The aims of laminoplasty are to expand the spinal canal, to secure spinal stability, and to preserve the protective function of the spine. Preservation of spinal mobility is also the goal of this procedure.
Nuchal muscles and spinal ligaments which were totally or partially detached to expose laminae can be reat-tached to preserved posterior spinal structures, and this may prevent development of the cervical instability which often happens after laminectomy, particularly in those subjects below 50 years of age. The spared laminae preserve the protective function of the spine, shielding the spinal cord from pressure from hematoma during the early postoperative period and preventing the invasion of scar tissue subsequent to hematoma in the late convalescent period. Development of kyphosis in combination with a thick peridural scar following laminectomy is a notorious cause of late neurological deterioration in laminectomy.
1. Basically, no instrument needs to be inserted into the canal for laminotomy. Furthermore, the site of the lamino-
tomy or hinge for laminoplasty is uniformly at the junction of the lamina and facet, whereas in laminectomy the site of the laminotomy is variable. Both these factors make laminoplasty more predictable and safer.
2. Expansion of the spinal canal is obtained without much loss of spinal stability, as mentioned above.
3. Decompression of the spinal cord is accomplished without removal of spondylotic protrusion impinging on the neural tissue. Removal of the osteocartilaginous protrusion or ossified ligament encroaching on the already compromised neural tissue is known to be the most hazardous part of the procedure when surgeons use the anterior approach to treat CSM and OPLL respectively.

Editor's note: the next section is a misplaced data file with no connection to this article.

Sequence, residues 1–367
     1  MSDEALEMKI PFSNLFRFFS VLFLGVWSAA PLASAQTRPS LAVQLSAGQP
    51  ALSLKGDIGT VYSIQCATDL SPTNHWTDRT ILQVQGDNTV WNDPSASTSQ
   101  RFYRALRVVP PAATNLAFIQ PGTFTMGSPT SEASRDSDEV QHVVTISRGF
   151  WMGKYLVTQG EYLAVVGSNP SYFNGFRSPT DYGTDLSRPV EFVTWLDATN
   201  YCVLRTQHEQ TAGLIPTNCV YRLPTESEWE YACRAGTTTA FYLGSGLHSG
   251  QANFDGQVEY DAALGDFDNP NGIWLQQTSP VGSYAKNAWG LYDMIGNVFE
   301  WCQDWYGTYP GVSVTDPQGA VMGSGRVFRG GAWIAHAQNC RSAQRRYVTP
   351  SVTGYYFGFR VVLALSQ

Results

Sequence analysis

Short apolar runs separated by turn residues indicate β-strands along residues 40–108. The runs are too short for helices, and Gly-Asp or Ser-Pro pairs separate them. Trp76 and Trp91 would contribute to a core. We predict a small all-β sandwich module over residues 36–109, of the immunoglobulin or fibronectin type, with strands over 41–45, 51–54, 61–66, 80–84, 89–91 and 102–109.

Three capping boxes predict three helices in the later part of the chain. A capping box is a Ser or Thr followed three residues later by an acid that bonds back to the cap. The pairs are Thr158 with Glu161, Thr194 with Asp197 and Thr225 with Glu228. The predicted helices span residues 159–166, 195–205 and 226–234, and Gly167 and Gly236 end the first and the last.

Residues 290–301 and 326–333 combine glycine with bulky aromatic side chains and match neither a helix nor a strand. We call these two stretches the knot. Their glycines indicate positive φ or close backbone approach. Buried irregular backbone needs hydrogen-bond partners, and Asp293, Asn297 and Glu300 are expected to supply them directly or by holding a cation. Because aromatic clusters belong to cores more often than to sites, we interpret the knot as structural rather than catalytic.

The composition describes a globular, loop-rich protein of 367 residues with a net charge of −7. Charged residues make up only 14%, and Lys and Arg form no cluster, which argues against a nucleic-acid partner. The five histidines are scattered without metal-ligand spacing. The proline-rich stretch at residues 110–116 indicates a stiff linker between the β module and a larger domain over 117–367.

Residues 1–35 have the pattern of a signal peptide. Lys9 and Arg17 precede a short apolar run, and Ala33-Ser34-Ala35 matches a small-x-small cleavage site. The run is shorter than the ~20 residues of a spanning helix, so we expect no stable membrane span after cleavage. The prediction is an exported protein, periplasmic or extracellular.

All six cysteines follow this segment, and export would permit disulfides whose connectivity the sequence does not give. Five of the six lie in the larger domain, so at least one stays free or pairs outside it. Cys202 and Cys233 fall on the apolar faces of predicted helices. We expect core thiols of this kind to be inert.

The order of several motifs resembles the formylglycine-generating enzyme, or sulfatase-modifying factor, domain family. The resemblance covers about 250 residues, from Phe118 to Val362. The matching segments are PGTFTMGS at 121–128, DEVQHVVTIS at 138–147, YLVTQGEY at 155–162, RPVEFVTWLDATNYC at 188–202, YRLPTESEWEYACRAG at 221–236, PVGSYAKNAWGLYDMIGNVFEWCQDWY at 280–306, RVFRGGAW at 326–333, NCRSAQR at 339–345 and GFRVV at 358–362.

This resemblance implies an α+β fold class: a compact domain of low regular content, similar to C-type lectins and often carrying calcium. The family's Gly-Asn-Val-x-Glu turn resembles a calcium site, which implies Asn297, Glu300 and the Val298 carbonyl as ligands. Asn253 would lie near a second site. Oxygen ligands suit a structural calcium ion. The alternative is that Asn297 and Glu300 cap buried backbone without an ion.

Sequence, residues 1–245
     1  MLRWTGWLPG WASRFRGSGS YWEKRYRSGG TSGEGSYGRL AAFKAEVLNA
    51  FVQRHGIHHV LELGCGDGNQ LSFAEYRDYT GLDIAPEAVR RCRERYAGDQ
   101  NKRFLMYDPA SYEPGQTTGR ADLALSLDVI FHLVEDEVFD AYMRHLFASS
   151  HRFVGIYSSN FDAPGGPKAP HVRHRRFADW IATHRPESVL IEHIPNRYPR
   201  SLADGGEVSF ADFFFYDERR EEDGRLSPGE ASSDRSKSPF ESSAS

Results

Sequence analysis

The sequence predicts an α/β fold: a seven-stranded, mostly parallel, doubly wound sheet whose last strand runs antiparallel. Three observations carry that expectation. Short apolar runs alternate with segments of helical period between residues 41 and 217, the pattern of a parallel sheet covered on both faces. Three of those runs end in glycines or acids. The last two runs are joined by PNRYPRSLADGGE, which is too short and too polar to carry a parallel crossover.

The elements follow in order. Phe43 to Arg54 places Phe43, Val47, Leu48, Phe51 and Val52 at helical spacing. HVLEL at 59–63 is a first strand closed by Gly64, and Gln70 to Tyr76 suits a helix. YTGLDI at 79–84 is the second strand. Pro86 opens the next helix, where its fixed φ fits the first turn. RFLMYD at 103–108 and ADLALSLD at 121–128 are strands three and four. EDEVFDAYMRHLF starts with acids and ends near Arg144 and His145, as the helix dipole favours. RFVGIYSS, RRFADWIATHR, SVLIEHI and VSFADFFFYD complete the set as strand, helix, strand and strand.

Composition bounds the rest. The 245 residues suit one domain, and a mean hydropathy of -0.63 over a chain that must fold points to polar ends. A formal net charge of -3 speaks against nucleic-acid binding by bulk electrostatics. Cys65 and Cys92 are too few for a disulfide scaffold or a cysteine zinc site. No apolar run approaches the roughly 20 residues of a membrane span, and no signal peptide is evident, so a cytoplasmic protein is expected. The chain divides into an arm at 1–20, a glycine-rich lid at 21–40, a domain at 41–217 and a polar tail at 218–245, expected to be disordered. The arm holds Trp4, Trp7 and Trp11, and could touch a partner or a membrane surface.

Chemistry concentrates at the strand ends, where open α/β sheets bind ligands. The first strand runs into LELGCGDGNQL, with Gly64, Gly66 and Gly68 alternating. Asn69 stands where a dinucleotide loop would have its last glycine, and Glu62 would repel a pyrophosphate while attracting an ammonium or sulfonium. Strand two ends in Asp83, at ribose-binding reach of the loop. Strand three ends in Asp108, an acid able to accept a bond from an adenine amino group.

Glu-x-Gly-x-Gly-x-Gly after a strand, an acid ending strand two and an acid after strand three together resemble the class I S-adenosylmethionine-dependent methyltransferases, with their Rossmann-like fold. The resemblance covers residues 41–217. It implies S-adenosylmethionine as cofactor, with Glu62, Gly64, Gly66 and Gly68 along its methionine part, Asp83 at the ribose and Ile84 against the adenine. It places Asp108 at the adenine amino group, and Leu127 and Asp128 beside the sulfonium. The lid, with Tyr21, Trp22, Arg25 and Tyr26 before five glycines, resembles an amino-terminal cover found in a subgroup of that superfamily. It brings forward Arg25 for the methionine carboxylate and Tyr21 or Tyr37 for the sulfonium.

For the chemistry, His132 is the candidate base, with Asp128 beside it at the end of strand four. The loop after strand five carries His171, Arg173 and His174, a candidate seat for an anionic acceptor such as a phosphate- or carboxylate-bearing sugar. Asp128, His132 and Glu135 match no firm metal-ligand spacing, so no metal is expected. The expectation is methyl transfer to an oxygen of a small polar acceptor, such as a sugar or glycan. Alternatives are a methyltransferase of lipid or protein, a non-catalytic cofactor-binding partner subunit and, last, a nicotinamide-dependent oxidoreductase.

4. Supplementary procedures for nerve root decompression or reinforcement of spinal stability can easily be performed. Facetectomy for nerve root decompression is optional except for the facets on the hinge side of the laminae. Bone grafting for stabilization either in single or multiple segments is easily applicable.
1. Upper extremity palsy. Details are described in the complications section.
2. Neck discomfort. The incidence of neck pain after lamino-plasty is reported to be high, and this is one of the most discouraging complications . The pathomechanism of postoperative neck discomfort has not yet been clarified, although several hypotheses have been advocated such as prolonged neck immobilization, facet joint damage, and nuchal muscle damage.
3. Reduction of mobility of the cervical spine. Although preservation of spinal mobility is one of the aims of lamino-plasty, the range of motion (ROM) usually decreases by 30-70% of the preoperative range. This becomes more marked when laminotomy or hinges are located at the facet in either expansive open-door laminoplasty or spin-ous process splitting laminoplasty.
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